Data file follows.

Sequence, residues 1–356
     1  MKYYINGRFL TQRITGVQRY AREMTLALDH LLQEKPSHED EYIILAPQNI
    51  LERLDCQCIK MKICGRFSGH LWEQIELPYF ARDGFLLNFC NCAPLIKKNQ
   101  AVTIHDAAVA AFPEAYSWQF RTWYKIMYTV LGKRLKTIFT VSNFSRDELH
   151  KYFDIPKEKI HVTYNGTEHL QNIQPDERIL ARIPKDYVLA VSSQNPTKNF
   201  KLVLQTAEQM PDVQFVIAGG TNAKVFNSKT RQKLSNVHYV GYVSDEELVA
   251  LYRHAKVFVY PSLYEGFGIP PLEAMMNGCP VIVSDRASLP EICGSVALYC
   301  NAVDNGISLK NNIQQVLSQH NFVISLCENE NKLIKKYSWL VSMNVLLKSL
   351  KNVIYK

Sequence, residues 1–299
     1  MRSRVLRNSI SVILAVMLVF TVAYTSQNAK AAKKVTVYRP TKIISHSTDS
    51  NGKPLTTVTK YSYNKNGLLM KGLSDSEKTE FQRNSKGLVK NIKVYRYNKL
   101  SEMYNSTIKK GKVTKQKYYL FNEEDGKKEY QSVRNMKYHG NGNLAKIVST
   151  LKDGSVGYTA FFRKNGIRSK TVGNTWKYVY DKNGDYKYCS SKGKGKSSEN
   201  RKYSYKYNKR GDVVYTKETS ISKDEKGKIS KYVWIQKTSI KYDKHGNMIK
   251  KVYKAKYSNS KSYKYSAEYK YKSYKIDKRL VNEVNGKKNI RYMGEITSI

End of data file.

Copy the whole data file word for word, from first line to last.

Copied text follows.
Sequence, residues 1–356
     1  MKYYINGRFL TQRITGVQRY AREMTLALDH LLQEKPSHED EYIILAPQNI
    51  LERLDCQCIK MKICGRFSGH LWEQIELPYF ARDGFLLNFC NCAPLIKKNQ
   101  AVTIHDAAVA AFPEAYSWQF RTWYKIMYTV LGKRLKTIFT VSNFSRDELH
   151  KYFDIPKEKI HVTYNGTEHL QNIQPDERIL ARIPKDYVLA VSSQNPTKNF
   201  KLVLQTAEQM PDVQFVIAGG TNAKVFNSKT RQKLSNVHYV GYVSDEELVA
   251  LYRHAKVFVY PSLYEGFGIP PLEAMMNGCP VIVSDRASLP EICGSVALYC
   301  NAVDNGISLK NNIQQVLSQH NFVISLCENE NKLIKKYSWL VSMNVLLKSL
   351  KNVIYK

Sequence, residues 1–299
     1  MRSRVLRNSI SVILAVMLVF TVAYTSQNAK AAKKVTVYRP TKIISHSTDS
    51  NGKPLTTVTK YSYNKNGLLM KGLSDSEKTE FQRNSKGLVK NIKVYRYNKL
   101  SEMYNSTIKK GKVTKQKYYL FNEEDGKKEY QSVRNMKYHG NGNLAKIVST
   151  LKDGSVGYTA FFRKNGIRSK TVGNTWKYVY DKNGDYKYCS SKGKGKSSEN
   201  RKYSYKYNKR GDVVYTKETS ISKDEKGKIS KYVWIQKTSI KYDKHGNMIK
   251  KVYKAKYSNS KSYKYSAEYK YKSYKIDKRL VNEVNGKKNI RYMGEITSI